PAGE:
Apart, the two storylines are intriguing enough. Together, they create fascinating twists, both literal (like when Rowan snapped Citra’s neck), and figurative (like Citra’s conviction that Rowan can still be good). They raise the question of, if their mentors were switched, would each have followed the same path as the other? Is Citra as good as she hopes that she is, and did Rowan always have a slight predilection for violence? Even though this is told in the third-person, it manages to bring in an element of unreliable narration that makes the story that much more.
As for the romance, do I think it had to happen? No. It served to break them apart (when they were initially under the same mentor) and to complicate matters. The story can stand without it, but I would argue that the romance is less about being romantic and more about friendship, which is another one of my favorite concepts to read about.
Rowan does admit to wanting to kiss Citra and Citra has feelings for Rowan, but they both agree that there’s too much at stake for them to fall in love with each other. Their relationship is marked by the ways that they support each other and the courage they inspire in each other. In the beginning, when there are no death stakes, they’re even allies of sorts, both reaching toward the same goal because of their sense of duty. When the death stakes do come into play, they still seek to protect one another. Rowan and Citra’s sense of camaraderie lends to the unreliable narration, our knowledge of who the characters are as people, and their development throughout Scythe, all of which is necessary to make the book work.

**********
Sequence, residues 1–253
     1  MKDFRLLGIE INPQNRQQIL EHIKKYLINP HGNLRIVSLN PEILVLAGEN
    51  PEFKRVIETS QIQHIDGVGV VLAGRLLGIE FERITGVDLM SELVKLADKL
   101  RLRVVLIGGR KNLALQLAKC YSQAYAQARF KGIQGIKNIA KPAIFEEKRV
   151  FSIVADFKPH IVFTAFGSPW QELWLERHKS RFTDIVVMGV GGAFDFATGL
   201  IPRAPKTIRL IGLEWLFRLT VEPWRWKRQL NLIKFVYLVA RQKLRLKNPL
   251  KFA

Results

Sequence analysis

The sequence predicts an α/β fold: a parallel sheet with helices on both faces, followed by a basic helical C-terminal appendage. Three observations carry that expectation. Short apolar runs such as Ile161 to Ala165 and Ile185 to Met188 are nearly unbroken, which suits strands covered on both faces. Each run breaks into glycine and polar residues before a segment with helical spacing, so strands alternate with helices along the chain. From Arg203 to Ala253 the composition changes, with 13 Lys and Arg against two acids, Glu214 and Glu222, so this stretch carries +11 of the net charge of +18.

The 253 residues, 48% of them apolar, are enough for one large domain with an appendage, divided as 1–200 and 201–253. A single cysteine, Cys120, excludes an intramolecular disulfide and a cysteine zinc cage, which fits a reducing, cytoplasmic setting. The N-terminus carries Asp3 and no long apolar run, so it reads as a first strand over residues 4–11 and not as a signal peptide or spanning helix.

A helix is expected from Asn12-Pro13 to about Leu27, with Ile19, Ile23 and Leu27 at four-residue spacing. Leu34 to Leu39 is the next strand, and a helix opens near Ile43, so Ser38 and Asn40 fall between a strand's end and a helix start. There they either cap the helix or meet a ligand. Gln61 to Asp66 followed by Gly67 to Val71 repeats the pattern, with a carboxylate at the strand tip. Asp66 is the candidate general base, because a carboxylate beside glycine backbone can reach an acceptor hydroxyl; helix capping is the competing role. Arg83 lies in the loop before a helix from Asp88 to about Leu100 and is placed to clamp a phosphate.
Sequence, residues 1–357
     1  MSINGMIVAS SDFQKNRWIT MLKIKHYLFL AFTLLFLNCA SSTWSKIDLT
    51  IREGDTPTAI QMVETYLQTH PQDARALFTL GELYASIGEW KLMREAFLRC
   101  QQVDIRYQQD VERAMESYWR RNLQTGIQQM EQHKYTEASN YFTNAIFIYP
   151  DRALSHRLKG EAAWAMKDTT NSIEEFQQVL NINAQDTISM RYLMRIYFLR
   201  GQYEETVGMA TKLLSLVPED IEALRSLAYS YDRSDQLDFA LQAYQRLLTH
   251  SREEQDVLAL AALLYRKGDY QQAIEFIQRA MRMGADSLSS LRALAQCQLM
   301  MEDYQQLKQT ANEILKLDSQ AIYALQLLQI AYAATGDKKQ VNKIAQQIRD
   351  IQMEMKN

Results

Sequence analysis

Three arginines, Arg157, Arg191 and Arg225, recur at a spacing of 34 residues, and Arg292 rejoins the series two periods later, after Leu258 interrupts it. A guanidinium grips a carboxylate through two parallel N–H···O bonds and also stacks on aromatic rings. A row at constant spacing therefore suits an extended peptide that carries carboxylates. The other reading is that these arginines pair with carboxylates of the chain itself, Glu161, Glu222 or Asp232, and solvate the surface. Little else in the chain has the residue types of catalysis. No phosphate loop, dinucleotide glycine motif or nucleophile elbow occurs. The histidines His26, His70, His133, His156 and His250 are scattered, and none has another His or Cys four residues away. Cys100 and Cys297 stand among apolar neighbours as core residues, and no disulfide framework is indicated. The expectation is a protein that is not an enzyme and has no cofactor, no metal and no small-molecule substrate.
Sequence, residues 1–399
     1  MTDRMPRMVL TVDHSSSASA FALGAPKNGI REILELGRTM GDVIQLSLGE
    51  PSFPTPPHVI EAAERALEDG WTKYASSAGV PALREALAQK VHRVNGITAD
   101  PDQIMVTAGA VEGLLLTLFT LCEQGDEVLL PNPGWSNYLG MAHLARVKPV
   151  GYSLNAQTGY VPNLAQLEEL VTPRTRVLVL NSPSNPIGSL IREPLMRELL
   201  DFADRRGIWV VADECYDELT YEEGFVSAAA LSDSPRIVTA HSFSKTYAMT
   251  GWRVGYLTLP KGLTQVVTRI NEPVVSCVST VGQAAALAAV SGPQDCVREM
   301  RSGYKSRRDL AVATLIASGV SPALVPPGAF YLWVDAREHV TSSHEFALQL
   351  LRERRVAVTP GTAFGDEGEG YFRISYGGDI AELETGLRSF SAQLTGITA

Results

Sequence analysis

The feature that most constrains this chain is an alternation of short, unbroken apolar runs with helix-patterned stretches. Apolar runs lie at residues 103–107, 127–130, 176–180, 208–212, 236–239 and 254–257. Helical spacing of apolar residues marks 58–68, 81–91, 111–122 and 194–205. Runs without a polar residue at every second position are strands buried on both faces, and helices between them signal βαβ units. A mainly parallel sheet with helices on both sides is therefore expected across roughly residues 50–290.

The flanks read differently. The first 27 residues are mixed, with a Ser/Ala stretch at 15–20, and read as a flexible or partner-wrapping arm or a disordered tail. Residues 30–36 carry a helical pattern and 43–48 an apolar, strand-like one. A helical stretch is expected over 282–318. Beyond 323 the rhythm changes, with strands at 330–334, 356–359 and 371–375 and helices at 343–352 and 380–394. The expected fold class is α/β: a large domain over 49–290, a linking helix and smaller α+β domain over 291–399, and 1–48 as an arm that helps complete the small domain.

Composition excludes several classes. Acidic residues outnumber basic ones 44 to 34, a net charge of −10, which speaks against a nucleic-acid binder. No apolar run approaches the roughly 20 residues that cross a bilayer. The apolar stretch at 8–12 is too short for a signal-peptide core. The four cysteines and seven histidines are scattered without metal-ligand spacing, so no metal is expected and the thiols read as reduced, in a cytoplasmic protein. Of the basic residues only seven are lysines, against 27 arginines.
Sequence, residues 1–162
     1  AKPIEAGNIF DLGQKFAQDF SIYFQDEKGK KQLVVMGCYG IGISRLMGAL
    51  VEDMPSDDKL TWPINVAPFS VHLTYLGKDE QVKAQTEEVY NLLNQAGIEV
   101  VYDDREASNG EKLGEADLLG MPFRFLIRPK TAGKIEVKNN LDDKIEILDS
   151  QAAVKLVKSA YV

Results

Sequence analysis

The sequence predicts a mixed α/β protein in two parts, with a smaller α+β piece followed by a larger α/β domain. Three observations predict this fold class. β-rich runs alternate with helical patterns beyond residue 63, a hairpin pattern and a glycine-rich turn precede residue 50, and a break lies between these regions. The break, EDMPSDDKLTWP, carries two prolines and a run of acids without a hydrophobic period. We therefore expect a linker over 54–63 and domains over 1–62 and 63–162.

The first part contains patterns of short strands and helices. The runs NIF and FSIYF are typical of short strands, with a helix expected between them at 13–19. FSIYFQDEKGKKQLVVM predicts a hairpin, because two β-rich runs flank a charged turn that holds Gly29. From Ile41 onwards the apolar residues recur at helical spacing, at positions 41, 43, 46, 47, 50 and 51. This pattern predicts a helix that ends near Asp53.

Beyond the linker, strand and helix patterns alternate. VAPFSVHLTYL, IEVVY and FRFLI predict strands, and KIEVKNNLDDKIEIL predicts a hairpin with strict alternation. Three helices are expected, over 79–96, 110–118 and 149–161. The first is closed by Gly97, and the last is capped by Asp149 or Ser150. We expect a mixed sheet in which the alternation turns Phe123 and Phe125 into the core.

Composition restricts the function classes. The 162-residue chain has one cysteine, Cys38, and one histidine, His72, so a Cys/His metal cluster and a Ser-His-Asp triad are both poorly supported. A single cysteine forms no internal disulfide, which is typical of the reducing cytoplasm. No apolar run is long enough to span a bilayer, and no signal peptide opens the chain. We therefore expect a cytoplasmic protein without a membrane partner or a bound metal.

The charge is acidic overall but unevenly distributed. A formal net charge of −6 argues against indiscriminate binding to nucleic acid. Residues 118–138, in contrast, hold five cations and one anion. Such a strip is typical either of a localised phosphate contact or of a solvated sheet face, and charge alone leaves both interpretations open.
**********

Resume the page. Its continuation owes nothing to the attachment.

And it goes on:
Rowan and Citra are the stars of the show. The supporting cast is artfully blended into the background, present and unimportant. The one supporting character who drew a lot of attention was Volta, a junior scythe of Rowan’s mentor, who doesn’t believe in the work that he’s doing and eventually prompts Rowan into action. His presence deserves its own discussion in and of itself, but for now, I’ll just say that he’s a good look into who Rowan could turn out to be. He serves as a great example of the question of if good people do terrible things, what are they? I’d like to read the book again and take further note of his actions in it.
won’t be loved by everyone. It doesn’t have the rapid-speed pacing of most mainstream YA novels, and it’s not incredibly exciting at all moments. It’s gripping in a dark, thought-provoking way. For me personally, I thought it was one tiny step short of being perfectly paced. Things moved along quickly enough to keep my interest intact but slowly enough for me to notice the pages turning. The world-building was well-done, but the made-up language went a little bit too far and there were points that it took up pacing padding.
I would say this is a YA novel only by the definition of a YA book being a book written about young adults. Instead, it fits more alongside adult reads like V.E. Schwab’s books. Scythe is sophisticated, intricate, and deep, with little focus on the romance or the maturity of the themes presented. If you’re already a fan of Shusterman, this one won’t disappoint. If you haven’t read any of his work but this seems interesting, go for it. And if you’ve already read Scythe, I’d highly recommend Scott Westerfeld’s Uglies and Ernest Cline’s Ready Player One. 4.5 stars.